It's efficient: Kran is designed from the bottom up with an efficient use of data structures and an API that doesn't introduce garbage during game runtime. Note however that Kran is in an early stage of development and the optimization isn't done.
In an entity system all data/state is stored inside components. Components
are tiny bits of tightly related data. It's a property/characteristic that
a thing can possess. That could be a position component, a shape component
or a color component. In Kran a component can be defined by passing a
constructor function to
kran is an instance of
var kran =var velocity = kran
Components with just one property can be created using the shorthand syntax shown below
var weight = kran
This is the same as doing
var weight = kran
We've now created two components. A velocity component and a weight component. We want to make all entities that has both speed and a weight to accelerated towards the ground. In other words we want to implement gravity. For that we need a system. Systems is were the logic that would be methods in OOP is put in an entity system.
That's all we have to do in order to make entities get attracted towards the ground! The system is automatically registered inside Kran, and now when systems are being run in the main loop the above system will automatically be run for every entity that satisfies it's dependencies.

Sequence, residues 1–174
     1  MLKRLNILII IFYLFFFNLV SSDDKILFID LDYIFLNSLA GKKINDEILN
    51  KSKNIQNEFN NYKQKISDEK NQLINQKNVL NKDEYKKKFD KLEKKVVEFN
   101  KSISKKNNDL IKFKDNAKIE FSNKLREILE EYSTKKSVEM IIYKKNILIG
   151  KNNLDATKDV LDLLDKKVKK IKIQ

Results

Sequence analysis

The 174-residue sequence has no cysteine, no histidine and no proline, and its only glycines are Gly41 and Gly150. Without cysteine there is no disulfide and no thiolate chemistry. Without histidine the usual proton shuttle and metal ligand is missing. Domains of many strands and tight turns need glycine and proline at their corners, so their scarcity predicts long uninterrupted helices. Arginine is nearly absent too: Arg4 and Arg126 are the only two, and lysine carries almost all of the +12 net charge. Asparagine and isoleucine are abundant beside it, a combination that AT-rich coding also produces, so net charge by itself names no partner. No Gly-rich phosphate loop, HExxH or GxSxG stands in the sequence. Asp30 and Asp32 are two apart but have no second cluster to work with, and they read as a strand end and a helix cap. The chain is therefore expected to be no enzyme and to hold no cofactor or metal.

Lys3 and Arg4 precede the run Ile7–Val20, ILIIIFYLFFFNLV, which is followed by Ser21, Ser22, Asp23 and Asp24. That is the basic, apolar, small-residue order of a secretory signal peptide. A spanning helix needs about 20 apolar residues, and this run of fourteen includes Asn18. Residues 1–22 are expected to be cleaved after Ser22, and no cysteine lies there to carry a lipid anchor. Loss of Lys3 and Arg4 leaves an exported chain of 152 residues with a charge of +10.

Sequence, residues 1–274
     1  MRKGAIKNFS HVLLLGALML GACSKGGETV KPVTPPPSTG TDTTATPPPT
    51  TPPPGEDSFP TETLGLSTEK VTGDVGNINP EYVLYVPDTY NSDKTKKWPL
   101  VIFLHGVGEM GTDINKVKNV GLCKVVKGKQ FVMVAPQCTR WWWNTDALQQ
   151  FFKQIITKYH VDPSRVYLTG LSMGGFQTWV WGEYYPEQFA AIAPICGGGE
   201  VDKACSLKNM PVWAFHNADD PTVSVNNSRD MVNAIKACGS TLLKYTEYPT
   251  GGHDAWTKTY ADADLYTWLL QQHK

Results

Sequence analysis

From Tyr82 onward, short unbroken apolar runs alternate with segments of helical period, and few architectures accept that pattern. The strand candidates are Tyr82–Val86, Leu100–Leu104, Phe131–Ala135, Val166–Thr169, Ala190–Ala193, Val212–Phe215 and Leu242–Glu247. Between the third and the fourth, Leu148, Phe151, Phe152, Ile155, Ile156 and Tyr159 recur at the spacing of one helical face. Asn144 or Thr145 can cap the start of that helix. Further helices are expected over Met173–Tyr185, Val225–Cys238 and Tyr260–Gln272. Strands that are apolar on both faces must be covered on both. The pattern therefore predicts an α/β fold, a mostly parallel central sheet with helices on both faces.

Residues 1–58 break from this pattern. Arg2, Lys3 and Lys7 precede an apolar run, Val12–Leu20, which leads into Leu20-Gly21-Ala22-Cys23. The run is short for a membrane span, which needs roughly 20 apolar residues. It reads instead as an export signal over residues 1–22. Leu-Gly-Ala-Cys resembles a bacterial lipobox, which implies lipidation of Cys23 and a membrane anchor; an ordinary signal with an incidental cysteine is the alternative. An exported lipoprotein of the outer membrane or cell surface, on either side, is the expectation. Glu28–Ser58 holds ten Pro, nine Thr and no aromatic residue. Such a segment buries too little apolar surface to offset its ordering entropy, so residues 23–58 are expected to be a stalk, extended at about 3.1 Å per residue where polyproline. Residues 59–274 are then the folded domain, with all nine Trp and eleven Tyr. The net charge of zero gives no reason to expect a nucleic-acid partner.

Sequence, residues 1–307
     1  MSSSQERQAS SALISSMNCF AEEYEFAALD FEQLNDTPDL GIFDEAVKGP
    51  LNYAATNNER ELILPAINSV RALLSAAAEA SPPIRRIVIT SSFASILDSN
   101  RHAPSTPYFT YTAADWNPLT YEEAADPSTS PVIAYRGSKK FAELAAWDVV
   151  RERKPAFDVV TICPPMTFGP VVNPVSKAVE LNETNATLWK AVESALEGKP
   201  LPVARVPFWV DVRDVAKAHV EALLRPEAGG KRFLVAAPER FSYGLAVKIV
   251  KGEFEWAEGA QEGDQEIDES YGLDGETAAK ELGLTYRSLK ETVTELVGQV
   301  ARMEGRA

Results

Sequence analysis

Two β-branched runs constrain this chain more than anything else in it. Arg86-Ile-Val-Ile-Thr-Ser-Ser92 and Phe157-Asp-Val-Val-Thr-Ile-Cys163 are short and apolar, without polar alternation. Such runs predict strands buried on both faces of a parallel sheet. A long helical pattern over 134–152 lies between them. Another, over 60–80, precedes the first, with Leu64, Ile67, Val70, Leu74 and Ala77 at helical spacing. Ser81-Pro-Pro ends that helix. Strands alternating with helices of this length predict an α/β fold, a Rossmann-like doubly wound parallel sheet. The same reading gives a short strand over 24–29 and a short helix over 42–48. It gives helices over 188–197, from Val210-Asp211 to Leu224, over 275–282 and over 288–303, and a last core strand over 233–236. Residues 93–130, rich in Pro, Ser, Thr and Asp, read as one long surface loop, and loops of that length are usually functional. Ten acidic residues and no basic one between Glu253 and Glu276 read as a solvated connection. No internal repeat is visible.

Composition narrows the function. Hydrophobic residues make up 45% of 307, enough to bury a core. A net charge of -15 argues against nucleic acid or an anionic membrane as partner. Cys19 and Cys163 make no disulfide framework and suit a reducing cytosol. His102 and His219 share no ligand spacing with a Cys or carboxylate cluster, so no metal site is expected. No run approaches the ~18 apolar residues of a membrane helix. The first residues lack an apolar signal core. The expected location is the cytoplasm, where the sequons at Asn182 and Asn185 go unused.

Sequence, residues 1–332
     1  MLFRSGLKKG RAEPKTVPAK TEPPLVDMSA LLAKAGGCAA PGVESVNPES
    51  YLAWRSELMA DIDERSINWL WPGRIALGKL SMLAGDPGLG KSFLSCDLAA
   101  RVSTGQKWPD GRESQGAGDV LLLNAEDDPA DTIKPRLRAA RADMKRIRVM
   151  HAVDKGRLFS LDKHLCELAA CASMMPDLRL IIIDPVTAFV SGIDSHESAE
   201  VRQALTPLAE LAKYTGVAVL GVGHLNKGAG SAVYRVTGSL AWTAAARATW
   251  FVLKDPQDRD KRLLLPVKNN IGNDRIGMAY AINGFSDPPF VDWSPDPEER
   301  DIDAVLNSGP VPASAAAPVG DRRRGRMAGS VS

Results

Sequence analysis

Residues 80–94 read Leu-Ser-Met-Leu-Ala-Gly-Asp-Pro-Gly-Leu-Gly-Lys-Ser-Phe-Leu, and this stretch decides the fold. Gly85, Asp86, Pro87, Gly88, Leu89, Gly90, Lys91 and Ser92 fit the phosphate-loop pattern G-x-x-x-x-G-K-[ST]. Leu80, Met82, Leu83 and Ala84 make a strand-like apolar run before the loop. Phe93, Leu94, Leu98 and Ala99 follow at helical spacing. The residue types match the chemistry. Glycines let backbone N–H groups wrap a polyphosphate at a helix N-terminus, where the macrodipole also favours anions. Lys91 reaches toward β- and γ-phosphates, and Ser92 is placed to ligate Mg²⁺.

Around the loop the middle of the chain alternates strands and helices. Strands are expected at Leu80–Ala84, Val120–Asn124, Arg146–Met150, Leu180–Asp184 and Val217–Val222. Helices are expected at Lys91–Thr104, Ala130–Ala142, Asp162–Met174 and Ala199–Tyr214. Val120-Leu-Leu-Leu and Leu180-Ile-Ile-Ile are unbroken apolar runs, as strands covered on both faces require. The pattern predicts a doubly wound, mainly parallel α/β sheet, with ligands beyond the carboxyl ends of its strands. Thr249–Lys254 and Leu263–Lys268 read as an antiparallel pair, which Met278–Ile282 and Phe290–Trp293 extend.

The final thing we need to do is compose some entities that the system can
operate on. Fortunately it's super easy!
Kran.entity creates a new entity and
returns it. The returned entity has an
add method that as its first argument
takes the component to add. Further arguments will be passed along to the
components constructor function. It returns the entity to allow for chaining.
// Creates a new entity, adds two components to it and initializes themkran// This component is heavy and heading right towards the ground, might be a meteor ;)kran
Now we set up the game loop. This is what a simple game loop might look like in Kran (actually this is exactly what the demo game's loop look like):